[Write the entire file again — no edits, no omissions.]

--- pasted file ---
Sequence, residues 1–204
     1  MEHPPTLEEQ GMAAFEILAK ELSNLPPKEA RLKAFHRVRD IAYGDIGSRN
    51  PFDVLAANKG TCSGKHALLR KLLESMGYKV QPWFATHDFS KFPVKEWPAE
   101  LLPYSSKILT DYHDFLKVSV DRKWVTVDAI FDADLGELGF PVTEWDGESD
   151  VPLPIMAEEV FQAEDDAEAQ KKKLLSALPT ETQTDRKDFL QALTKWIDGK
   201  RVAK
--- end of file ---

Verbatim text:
Sequence, residues 1–204
     1  MEHPPTLEEQ GMAAFEILAK ELSNLPPKEA RLKAFHRVRD IAYGDIGSRN
    51  PFDVLAANKG TCSGKHALLR KLLESMGYKV QPWFATHDFS KFPVKEWPAE
   101  LLPYSSKILT DYHDFLKVSV DRKWVTVDAI FDADLGELGF PVTEWDGESD
   151  VPLPIMAEEV FQAEDDAEAQ KKKLLSALPT ETQTDRKDFL QALTKWIDGK
   201  RVAK